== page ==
Learn How to Salvage Irreplaceable Flood-Damaged Prints & Negatives Before It’s Too Late

One of the many tragedies in the aftermath of a major flood is returning home to find your irreplaceable photographs completely submerged. Whether you’re a working pro or an enthusiast, having years of memories seemingly destroyed can be truly heartbreaking.

Fortunately, the folks at nola.com have published some great advice on salvaging photographs, books and artwork that’s equally important for those living in flood-ravaged Louisiana and elsewhere. These tips come from Steve Sweet and Kristin Hébert Veit of the Historic New Orleans Collection and are well worth saving in case you ever suffer a calamity.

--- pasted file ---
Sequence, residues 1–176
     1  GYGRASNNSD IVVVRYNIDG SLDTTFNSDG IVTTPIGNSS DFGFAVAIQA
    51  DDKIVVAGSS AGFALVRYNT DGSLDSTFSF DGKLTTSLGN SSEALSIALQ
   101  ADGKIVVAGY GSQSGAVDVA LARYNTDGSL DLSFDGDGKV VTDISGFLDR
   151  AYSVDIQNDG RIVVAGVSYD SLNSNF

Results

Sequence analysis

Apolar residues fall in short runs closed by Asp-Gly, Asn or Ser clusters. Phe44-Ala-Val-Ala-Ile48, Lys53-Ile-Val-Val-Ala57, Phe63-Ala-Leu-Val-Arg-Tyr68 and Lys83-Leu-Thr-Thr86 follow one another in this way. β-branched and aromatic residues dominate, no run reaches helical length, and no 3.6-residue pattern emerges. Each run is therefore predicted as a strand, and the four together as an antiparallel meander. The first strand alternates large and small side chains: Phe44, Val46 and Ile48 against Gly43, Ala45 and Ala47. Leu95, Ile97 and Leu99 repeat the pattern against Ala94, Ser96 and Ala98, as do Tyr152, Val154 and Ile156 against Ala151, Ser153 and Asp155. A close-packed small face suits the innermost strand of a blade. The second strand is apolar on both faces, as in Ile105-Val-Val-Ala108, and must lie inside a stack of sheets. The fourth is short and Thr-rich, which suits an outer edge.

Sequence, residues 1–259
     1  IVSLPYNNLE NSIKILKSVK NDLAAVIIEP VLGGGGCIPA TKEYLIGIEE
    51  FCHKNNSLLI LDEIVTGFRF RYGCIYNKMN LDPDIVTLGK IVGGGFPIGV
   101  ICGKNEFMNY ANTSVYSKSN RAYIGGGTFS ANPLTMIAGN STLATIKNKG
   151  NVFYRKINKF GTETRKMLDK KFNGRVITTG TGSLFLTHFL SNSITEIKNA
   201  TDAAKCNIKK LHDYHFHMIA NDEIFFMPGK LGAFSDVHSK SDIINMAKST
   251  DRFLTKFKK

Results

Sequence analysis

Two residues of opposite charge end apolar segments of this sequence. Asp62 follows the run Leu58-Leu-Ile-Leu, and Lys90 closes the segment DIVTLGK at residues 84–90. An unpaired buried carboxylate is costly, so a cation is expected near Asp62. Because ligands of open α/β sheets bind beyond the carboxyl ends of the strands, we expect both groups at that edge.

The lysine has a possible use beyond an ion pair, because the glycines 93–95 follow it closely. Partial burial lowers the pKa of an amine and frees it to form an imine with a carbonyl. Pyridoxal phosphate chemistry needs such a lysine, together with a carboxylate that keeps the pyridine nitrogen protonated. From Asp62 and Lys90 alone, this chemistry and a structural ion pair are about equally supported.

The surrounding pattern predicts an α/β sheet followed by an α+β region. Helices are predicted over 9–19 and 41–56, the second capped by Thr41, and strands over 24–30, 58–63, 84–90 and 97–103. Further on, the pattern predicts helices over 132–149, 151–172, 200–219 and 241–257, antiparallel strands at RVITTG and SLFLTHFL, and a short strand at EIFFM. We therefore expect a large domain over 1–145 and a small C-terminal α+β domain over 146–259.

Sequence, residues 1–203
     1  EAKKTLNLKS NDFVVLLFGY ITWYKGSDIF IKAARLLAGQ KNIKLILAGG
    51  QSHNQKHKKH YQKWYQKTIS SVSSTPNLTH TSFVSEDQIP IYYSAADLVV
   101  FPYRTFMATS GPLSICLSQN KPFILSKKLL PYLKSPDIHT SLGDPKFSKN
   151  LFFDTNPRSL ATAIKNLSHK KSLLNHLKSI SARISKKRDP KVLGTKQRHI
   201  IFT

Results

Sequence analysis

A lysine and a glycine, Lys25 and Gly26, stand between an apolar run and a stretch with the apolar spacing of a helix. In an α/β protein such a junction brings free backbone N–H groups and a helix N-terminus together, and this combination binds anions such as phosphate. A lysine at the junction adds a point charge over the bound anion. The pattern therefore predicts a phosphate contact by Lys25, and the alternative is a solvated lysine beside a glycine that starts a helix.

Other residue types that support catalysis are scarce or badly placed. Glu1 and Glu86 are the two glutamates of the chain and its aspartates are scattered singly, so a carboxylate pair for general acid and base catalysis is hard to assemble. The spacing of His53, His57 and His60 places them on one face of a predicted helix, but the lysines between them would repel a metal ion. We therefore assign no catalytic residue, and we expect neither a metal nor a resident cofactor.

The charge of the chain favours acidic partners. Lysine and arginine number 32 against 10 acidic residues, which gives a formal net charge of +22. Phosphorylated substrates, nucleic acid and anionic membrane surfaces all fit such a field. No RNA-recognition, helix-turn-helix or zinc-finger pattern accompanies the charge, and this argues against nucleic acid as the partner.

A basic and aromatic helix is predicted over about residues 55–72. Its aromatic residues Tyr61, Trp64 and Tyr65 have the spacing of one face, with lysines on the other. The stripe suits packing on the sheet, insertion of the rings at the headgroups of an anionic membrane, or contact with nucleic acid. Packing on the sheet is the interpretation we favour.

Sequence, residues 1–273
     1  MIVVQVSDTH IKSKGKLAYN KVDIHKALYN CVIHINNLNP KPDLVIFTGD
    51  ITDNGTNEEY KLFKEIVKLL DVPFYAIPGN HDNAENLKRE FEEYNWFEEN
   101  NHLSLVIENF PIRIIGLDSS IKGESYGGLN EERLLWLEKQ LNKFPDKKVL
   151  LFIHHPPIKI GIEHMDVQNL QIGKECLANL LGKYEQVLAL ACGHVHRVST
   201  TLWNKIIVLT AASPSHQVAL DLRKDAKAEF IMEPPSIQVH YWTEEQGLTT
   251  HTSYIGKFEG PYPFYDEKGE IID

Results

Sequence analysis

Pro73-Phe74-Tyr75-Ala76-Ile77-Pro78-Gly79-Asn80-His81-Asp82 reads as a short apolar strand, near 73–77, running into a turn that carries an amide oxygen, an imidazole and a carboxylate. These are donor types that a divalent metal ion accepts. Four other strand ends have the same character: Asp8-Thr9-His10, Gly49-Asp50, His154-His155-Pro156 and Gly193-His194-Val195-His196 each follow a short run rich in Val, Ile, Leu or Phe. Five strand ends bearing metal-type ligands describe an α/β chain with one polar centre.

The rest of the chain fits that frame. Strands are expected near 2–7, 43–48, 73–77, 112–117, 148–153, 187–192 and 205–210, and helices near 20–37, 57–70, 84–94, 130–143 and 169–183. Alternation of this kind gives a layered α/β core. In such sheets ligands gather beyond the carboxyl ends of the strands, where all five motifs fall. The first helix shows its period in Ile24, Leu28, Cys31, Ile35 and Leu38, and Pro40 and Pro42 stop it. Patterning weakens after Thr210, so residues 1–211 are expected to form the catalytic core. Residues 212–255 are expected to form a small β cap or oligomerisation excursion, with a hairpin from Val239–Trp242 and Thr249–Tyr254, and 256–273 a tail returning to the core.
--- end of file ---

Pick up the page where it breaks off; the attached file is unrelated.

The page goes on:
Hébert Veit suggests rinsing flood-damaged photos in fresh water before setting them out to dry, adding “Freeze the photos you can’t clean immediately to prevent mold growth, which can start within 48 hours of them getting wet.” The best way to freeze images is to interleave them with wax paper to facilitate separating later after thawing.

Sweet says the most important thing to remember is to not touch the photo or emulsion. He explains that photographs on resin-coated paper can be lightly rinsed in fresh water and dried flat with the emulsion side up. The approach he recommends is to use paper towels underneath the photos to soak up moisture— changing the paper regularly.

Negatives should be dried vertically clipped to a clothesline, and because they are more stable than photographs, triage your prints first.

You can read the full article here, as well as an earlier piece on this topic published by Fujifilm with some additional information.